Barriers in diagnosing and caring for patients with rare diseases
These two cases illustrate some of the difficulties families face in caring for children with rare diseases. First, symptoms may be subtle or unusual and therefore not be readily recognized by physicians. Many of us may not ever encounter patients with recognized disease in our careers and thus lack the opportunity to learn from them.
Time and knowledge constraints limit physicians, too. For example, patients with complaints of “chronic fatigue” syndrome are enormously time-consuming and frustrating to attempt to diagnose. Their complaints simply cannot be addressed in the 15-20 minutes often allotted for a visit. The same is true with mitochondrial diseases, where symptoms might affect a variety of organs, with varying degrees of severity, and therefore with widely different symptoms.
Similarly, not all believe in a physiologic basis for some syndromes—reportedly a problem in Justina’s care, as well as people with “chronic fatigue,” “chronic Lyme,” or PANDAS (pediatric autoimmune neuropsychiatric disease associated with Strep).
There are huge obstacles to diagnosis imposed by insurance. Barriers may be from people lacking the necessary insurance coverage to obtain testing. But insurers have also denied testing to make a diagnosis, given that there is no specific treatment for many rare diseases.
Lack of funding is a growing problem. In Canada, the cbc notes, “In the past five years the federal government has dismissed more than 2,000 scientists, and hundreds of programs and world-renowned research facilities have lost their funding. Programs that monitored things such as smoke stack emissions, food inspections, oil spills, water quality and climate change have been drastically cut or shut down.” In the U.S., the sequester imposed by Congress imposed an initial 5% cut in research spending. NIH has lost 25% of its funding since 2003. In a survey last fall, 1/3 of scientists said they had laid off researchers. This is not just an immediate problem, but is likely to decimate US research, persuading aspiring young basic science researchers to seek alternative careers.
Difficulties in designing studies for rare diseases
The progeria trial also illustrates the difficulty in designing studies and getting them accepted for publication. The first trial has been criticized for being inconclusive, though some patients showed improvement. Clearly, it is not possible to amass large numbers of patients to demonstrate efficacy definitively. Nor is it possible to do a randomized controlled trial, so observational studies were done, comparing the children to their pre-treatment growth and studies. [Note: It would have been unethical to do a clinical trial comparing treatment to placebo, since progeria is a progressive and universally fatal disease, with children generally dying by their early teens.]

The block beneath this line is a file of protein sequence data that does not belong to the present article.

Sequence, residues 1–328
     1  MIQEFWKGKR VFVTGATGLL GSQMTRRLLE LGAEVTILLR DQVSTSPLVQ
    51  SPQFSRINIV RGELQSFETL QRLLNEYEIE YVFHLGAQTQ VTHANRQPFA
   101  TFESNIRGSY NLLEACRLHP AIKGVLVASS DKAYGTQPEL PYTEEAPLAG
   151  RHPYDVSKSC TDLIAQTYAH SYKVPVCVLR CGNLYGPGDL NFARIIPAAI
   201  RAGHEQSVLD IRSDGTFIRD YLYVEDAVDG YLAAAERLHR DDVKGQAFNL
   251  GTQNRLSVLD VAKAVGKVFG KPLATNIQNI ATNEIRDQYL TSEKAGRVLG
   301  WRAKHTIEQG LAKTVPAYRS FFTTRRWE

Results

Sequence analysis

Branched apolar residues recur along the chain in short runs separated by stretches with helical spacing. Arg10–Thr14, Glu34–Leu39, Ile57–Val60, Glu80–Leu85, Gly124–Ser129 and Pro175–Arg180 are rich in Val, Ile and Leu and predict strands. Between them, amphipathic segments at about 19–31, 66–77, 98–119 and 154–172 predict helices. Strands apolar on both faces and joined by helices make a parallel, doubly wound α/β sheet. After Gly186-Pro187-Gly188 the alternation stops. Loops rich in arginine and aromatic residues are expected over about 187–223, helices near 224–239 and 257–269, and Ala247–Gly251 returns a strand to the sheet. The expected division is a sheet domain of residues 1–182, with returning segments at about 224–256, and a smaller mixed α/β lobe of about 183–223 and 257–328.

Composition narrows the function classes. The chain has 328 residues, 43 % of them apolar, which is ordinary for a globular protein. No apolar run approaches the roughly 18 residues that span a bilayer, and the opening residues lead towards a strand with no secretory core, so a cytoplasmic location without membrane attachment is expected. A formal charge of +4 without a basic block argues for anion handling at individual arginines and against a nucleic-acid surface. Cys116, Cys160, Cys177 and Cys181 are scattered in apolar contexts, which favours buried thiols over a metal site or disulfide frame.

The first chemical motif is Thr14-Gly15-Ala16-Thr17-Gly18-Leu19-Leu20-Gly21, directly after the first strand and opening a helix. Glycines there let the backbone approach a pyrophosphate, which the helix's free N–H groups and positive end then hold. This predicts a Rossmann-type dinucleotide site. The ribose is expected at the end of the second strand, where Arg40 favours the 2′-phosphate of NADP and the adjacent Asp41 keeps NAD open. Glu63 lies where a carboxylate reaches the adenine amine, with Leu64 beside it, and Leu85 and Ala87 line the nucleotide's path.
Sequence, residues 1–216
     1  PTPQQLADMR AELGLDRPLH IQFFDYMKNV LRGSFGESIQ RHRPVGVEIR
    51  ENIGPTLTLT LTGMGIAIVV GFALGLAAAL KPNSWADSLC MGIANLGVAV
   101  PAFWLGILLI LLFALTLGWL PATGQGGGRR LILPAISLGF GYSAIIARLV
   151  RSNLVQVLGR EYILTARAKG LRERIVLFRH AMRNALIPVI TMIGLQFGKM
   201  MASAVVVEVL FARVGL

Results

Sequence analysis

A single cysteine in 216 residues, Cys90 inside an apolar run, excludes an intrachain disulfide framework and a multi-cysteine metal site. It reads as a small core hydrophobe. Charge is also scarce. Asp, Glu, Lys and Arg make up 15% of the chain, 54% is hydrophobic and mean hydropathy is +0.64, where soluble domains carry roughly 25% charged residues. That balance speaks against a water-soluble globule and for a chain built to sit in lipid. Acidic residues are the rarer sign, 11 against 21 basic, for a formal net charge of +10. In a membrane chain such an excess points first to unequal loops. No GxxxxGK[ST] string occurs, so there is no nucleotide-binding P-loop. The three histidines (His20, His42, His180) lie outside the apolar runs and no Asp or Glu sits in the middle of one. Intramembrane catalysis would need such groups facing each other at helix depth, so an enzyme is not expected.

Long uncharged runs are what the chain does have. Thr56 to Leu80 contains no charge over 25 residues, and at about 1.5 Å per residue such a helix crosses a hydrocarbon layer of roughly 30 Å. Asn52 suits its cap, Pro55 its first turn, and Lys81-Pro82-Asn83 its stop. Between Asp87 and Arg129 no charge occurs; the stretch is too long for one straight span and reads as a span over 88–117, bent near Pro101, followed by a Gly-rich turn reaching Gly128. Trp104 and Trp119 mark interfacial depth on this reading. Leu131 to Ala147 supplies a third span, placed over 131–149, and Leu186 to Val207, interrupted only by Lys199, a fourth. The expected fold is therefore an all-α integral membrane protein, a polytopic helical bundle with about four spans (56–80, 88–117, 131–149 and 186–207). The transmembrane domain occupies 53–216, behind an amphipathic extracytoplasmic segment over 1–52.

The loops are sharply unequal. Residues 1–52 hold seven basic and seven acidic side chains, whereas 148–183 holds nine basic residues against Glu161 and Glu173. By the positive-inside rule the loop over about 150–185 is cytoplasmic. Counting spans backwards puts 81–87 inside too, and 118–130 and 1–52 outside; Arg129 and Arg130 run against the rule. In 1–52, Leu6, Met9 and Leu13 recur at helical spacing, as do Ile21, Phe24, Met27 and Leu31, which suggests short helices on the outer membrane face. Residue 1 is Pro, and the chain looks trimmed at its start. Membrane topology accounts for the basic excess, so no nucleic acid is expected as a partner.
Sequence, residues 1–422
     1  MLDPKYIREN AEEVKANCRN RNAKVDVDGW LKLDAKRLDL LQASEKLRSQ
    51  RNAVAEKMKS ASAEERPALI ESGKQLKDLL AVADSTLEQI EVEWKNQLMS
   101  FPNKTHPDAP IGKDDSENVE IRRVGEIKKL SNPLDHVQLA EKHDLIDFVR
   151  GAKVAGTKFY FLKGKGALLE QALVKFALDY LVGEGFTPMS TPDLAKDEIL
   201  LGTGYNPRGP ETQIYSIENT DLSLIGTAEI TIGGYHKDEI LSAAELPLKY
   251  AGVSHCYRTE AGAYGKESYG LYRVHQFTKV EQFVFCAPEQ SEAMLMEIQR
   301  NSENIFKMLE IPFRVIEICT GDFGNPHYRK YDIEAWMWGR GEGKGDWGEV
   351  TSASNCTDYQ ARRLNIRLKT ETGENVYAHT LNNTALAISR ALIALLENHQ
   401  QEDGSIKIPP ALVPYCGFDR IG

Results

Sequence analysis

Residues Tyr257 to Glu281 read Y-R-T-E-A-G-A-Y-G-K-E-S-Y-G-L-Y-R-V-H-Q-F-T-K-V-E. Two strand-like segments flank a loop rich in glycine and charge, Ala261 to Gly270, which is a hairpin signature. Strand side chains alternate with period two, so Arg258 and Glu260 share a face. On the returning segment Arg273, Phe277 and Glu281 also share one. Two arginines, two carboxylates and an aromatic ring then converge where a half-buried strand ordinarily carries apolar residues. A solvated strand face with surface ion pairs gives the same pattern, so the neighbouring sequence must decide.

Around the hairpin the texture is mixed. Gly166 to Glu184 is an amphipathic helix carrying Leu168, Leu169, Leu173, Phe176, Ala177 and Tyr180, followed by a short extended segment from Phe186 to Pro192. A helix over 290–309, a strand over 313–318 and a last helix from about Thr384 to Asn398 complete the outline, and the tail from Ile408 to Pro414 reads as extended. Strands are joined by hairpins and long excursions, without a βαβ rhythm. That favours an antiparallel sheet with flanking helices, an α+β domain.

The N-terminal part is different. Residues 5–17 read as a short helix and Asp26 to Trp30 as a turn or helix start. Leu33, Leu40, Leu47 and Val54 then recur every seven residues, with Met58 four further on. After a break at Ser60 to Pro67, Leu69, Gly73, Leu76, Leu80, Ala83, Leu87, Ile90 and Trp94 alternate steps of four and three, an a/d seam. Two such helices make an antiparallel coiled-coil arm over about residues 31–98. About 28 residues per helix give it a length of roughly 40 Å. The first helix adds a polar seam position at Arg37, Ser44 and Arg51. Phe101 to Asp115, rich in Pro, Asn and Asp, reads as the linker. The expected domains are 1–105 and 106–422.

Getting small trials like this accepted for publication may also be more difficult, noted Dr. Mark Kieran, Director of Pediatric Medical Neuro-oncology at the Dana-Farber/Children’s Hospital Cancer Center, who headed the progeria trial. This may be because of their non-traditional design, and because some journals may perhaps be more interested in blockbuster stories with immediate and broad economic impact.
An excellent overview of other barriers to research for rare diseases is available here and for mitochondrial disease is here.
As government funding for research is cut, private advocacy groups like the Progeria Foundation assume a greater role. Obtaining funding for progeria has been easier, perhaps, than for some other rare diseases because understanding progeria help lead to finding drugs to slow aging, with great commercial potential. Having bright, articulate, well-educated and committed activist parents like Gordon is an enormous boost. And so is having a child like Sam, who educated the public about his disease so passionately, as he did at TEDMED in 2012, when I heard him with Dr. Francis Collins. Sam subsequently shared his inspiring philosophy for life in TEDxMidAtlantic 2013 and Life According to Sam. In an NPR interview, “Sam says the most important thing people should know about him is that he has a great family and a very happy life.” Rose would say the same.
"Molecules to Medicine" banner © Michelle Banks
Photo of Dr. Collins and Sam Berns from Dr. Collins moving tribute to Sam, Director's Blog
Molecular basis of progeria - PLOS Biology
Medications that inhibit farnesylation - AlbetaPons, Wikipedia